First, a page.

18. Arrange to take a field trip once a month to a place that will interest your children. Prior to the field trip, discuss ways that math plays an essential role in either the business or occupation that will be highlighted in the field trip. During the field trip, ask the host to share ways that math is used daily in his business or job. If you don't have the means or time to take field trips regularly, your children could conduct phone interviews with individuals from your church or neighborhood, asking them how math skills are necessary in their lives daily. The more you can show your children how much math is needed, the more they will either want, or at least be willing, to gain math skills. They can even create a lapbook or math journal about it all!
19. Help your students explore the potential to enter math competitions. Simply google "math competitions for students," and you may be surprised by how many opportunities are available—some with rewards such as college scholarships.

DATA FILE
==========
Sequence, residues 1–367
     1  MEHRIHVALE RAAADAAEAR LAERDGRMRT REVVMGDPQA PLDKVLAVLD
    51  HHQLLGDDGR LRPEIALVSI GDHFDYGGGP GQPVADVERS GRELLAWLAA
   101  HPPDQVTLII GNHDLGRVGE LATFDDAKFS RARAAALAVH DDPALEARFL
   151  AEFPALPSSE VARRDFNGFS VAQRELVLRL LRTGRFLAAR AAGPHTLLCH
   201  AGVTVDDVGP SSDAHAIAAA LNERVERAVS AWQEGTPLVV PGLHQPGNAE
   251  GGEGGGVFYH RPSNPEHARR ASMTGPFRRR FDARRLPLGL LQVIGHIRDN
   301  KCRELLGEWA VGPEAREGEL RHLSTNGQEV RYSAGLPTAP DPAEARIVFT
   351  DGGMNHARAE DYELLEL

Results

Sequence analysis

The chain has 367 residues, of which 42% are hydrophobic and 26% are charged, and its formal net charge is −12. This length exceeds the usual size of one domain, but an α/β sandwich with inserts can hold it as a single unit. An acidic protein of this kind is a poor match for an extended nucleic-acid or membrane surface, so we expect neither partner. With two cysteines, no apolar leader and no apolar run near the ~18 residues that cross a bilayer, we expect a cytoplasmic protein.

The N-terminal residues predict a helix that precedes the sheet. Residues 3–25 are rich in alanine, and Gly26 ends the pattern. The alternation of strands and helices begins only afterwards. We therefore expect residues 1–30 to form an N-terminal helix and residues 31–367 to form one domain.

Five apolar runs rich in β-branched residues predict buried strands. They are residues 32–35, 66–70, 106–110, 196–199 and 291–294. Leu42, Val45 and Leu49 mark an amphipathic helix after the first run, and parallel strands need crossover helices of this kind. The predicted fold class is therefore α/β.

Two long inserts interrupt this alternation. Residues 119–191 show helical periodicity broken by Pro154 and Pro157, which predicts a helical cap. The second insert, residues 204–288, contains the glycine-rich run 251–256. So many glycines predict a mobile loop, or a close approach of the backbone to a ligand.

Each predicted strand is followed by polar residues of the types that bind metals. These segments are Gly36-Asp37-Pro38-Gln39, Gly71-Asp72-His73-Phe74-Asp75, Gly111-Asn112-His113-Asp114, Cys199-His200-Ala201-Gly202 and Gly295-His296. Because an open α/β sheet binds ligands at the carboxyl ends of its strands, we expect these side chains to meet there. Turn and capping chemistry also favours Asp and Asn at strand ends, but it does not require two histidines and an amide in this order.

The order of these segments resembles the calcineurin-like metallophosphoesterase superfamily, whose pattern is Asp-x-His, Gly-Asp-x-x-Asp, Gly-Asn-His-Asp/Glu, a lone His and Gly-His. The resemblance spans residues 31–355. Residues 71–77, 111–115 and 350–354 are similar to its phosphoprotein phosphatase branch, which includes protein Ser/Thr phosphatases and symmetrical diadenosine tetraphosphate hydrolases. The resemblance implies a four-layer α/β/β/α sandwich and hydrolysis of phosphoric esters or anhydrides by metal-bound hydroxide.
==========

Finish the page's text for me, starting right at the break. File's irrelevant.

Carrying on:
20. Set aside some time at the beginning of the school year to find out about innovative, fun, free math resources that are available online. For example, free math tutorials, free online homework help, free worksheets, free diagnostic tools, free math games, free math tests, and many more free resources can be found easily. Gain at least a general impression of what's available, and as the school year progresses, take advantage of the tools that you need. Did you know we offer free monthly unit studies that often include math? Visit our webpage under "Newsletters" and sign up for our Teacher's Toolbox.
21. Take five minutes each day to have "calculator drills," in which your students (armed with calculators) compete to solve math problems that you read aloud.